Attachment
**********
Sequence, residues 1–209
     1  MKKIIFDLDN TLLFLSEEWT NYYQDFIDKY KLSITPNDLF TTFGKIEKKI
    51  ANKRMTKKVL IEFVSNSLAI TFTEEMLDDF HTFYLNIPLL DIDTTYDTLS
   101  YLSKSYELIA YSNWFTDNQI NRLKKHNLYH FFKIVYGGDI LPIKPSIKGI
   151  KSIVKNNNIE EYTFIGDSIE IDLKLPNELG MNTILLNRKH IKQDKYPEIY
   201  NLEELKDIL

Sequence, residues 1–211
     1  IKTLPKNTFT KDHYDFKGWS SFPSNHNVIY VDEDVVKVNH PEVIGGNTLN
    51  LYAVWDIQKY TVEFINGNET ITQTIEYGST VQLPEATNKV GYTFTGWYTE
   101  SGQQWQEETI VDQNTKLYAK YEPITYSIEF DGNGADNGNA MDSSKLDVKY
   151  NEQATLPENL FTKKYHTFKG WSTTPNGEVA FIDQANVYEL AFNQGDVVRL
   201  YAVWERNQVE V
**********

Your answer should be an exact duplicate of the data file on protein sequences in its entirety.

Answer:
Sequence, residues 1–209
     1  MKKIIFDLDN TLLFLSEEWT NYYQDFIDKY KLSITPNDLF TTFGKIEKKI
    51  ANKRMTKKVL IEFVSNSLAI TFTEEMLDDF HTFYLNIPLL DIDTTYDTLS
   101  YLSKSYELIA YSNWFTDNQI NRLKKHNLYH FFKIVYGGDI LPIKPSIKGI
   151  KSIVKNNNIE EYTFIGDSIE IDLKLPNELG MNTILLNRKH IKQDKYPEIY
   201  NLEELKDIL

Sequence, residues 1–211
     1  IKTLPKNTFT KDHYDFKGWS SFPSNHNVIY VDEDVVKVNH PEVIGGNTLN
    51  LYAVWDIQKY TVEFINGNET ITQTIEYGST VQLPEATNKV GYTFTGWYTE
   101  SGQQWQEETI VDQNTKLYAK YEPITYSIEF DGNGADNGNA MDSSKLDVKY
   151  NEQATLPENL FTKKYHTFKG WSTTPNGEVA FIDQANVYEL AFNQGDVVRL
   201  YAVWERNQVE V